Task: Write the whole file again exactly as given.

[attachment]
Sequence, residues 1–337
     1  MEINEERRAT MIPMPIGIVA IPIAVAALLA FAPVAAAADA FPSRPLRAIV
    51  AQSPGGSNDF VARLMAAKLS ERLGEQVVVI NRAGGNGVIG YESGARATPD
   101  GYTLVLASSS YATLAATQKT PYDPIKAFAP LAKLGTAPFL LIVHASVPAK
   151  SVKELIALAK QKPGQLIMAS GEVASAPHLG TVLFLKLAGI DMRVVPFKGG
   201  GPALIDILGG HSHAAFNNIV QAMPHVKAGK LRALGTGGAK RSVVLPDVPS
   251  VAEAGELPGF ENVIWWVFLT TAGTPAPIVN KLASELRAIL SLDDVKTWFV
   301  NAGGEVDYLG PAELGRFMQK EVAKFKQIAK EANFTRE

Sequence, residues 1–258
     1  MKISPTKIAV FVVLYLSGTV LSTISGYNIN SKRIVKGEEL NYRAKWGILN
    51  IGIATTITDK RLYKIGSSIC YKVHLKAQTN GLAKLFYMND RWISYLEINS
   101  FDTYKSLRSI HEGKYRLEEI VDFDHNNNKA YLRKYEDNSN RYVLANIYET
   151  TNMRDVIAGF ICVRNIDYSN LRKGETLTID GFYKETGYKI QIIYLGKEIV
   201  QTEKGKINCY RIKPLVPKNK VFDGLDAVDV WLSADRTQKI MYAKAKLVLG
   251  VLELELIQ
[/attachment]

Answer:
Sequence, residues 1–337
     1  MEINEERRAT MIPMPIGIVA IPIAVAALLA FAPVAAAADA FPSRPLRAIV
    51  AQSPGGSNDF VARLMAAKLS ERLGEQVVVI NRAGGNGVIG YESGARATPD
   101  GYTLVLASSS YATLAATQKT PYDPIKAFAP LAKLGTAPFL LIVHASVPAK
   151  SVKELIALAK QKPGQLIMAS GEVASAPHLG TVLFLKLAGI DMRVVPFKGG
   201  GPALIDILGG HSHAAFNNIV QAMPHVKAGK LRALGTGGAK RSVVLPDVPS
   251  VAEAGELPGF ENVIWWVFLT TAGTPAPIVN KLASELRAIL SLDDVKTWFV
   301  NAGGEVDYLG PAELGRFMQK EVAKFKQIAK EANFTRE

Sequence, residues 1–258
     1  MKISPTKIAV FVVLYLSGTV LSTISGYNIN SKRIVKGEEL NYRAKWGILN
    51  IGIATTITDK RLYKIGSSIC YKVHLKAQTN GLAKLFYMND RWISYLEINS
   101  FDTYKSLRSI HEGKYRLEEI VDFDHNNNKA YLRKYEDNSN RYVLANIYET
   151  TNMRDVIAGF ICVRNIDYSN LRKGETLTID GFYKETGYKI QIIYLGKEIV
   201  QTEKGKINCY RIKPLVPKNK VFDGLDAVDV WLSADRTQKI MYAKAKLVLG
   251  VLELELIQ